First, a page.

The end could be in sight for a two-year effort to lay out a master redevelopment plan for Columbia Point. A mayorally-appointed task force that has been working for two years on a master plan with the cityâ€™s planning and development agency is scheduled to meet next Thursday (Dec. 10) at 6:30 p.m. in the Corcoran Mullins Jennison Community Building at 270 Mt. Vernon St.
â€œIâ€™d like to come to some closure, Iâ€™d like to wrap it up,â€ said Don Walsh, a member of the task force and of the Columbia Point Savin Hill Civic Association. He said he hopes to hear final recommendations from BRA staffers on the proposal, incorporating some of the feedback theyâ€™ve received in recent months.
But the civic association, which has several members on the task force along with Walsh, is declining to officially weigh in on the proposal. The draft plan calls for increasing the areaâ€™s density with more housing and turning it into a 24-hour-a-day neighborhood.
â€œWe didnâ€™t feel we could come to a consensus on the entire plan,â€ said Maureen McQuillan, head of the association. Individual association members like and dislike various parts of the plan, she said, and theyâ€™ve been encouraged to submit comments to the BRA on the proposal.
Some strong critics of the proposal have emerged. They say the plan would lead to an increase in traffic, overburdening an already-strained Morrissey Boulevard. They are also opposed to the initially-proposed height of 20 stories for buildings close to the JFK/UMass MBTA stop.
â€œAfter the comment period that the community had, I hope to see some alterations to their plans and to see how our comments will influence the project if at all,â€ said Heidi Moesinger, a Savin Hill native.
Walsh said he expects for the draft master plan to be changed to include more scaled-down heights for buildings. He also noted that with the economy still in a recession and questions over what will happen to the Bayside Expo Center site, the sense of urgency that helped launch the task force has faded. Redevelopment of the area is expected to take a while, and BRA officials have stressed that nothing is set in stone.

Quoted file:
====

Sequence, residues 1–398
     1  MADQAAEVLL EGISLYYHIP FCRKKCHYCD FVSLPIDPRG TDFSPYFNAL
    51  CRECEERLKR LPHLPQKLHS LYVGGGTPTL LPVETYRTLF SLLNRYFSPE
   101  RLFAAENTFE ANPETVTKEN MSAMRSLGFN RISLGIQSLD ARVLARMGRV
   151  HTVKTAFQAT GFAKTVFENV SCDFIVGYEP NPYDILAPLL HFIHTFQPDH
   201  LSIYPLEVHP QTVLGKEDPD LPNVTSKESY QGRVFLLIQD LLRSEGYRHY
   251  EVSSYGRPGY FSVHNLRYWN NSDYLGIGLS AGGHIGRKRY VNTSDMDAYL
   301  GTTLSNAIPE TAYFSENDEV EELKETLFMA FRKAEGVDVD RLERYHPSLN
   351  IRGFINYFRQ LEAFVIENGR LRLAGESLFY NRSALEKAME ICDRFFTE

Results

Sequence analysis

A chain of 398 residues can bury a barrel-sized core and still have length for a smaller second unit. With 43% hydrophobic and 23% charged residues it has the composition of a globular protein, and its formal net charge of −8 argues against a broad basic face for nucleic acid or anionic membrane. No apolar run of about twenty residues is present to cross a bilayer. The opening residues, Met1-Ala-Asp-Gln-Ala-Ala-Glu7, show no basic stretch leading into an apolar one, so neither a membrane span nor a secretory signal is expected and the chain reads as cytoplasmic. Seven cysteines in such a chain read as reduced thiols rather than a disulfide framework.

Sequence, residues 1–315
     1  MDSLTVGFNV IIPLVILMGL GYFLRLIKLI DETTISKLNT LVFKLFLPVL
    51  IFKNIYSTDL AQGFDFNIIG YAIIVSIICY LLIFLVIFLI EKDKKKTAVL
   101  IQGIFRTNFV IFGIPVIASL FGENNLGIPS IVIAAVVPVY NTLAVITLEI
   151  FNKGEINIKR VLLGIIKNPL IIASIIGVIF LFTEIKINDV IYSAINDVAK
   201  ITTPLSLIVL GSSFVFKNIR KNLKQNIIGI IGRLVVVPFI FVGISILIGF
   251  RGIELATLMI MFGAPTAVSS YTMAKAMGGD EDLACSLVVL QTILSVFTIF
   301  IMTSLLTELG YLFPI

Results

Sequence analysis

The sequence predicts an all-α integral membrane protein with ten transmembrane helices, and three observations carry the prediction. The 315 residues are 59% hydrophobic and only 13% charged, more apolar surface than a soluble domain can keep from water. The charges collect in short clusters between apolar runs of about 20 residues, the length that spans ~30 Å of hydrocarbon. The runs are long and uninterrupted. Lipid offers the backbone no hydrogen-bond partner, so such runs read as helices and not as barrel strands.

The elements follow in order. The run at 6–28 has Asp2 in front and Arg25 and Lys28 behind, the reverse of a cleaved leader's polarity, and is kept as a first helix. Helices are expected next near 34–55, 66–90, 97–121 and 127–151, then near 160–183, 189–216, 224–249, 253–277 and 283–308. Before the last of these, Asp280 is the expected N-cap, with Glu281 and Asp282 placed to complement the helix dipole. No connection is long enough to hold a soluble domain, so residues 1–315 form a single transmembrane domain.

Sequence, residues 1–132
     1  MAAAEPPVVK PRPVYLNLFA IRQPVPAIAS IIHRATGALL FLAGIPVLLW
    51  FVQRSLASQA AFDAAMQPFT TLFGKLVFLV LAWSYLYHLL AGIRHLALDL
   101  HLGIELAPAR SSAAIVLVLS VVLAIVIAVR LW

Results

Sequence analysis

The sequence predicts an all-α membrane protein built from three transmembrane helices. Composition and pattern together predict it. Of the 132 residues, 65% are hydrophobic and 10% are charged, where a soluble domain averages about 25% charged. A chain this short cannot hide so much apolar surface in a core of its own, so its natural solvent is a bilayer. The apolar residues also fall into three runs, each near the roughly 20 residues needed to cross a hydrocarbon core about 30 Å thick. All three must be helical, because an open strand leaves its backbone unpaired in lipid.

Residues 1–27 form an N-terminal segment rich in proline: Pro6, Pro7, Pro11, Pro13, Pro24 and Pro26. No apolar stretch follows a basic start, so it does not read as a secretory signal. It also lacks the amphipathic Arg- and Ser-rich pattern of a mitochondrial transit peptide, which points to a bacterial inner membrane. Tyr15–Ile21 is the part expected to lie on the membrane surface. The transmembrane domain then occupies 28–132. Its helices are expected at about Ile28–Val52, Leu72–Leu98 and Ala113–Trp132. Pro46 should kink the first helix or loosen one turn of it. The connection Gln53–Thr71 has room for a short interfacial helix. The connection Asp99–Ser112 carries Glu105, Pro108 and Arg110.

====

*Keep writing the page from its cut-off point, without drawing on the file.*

Whatever ends up being the final master plan, developers will still have to go through a city approval process for their plans. McQuillan said the civic association will be keeping tabs on development plans and anything that has to go through the approval process.
It remains unclear when a final master plan would be sent to the BRA board for approval and it appears unlikely to appear on the agenda of the Dec. 17 board meeting.
Columbia Point is bordered by Interstate 93 on its left side and Dorchester Bay on its right. It houses a number of institutions, including the John F. Kennedy Library and Museum, the UMass-Boston campus, the Massachusetts State Archives, Corcoran Jennison Companies, Boston College High School, the Bayside Expo Center, and a Sovereign Bank. The peninsula, which is largely separated from Savin Hill by the interstate, is also the future home of the Edward M. Kennedy Institute for the Senate.
The draft master plan calls for a â€œcomprehensiveâ€ analysis of future traffic demands and redesigns of the roadways, including Kosciuszko Circle and the Interstate 93 access ramps. The proposal predicts the redevelopment will lead to 4,000 construction jobs and 5,000 permanent jobs, while annual property taxes will reach $23 million.
The draft master plan can be viewed at the BRAâ€™s website: tinyurl.com/ColumbiaPoint.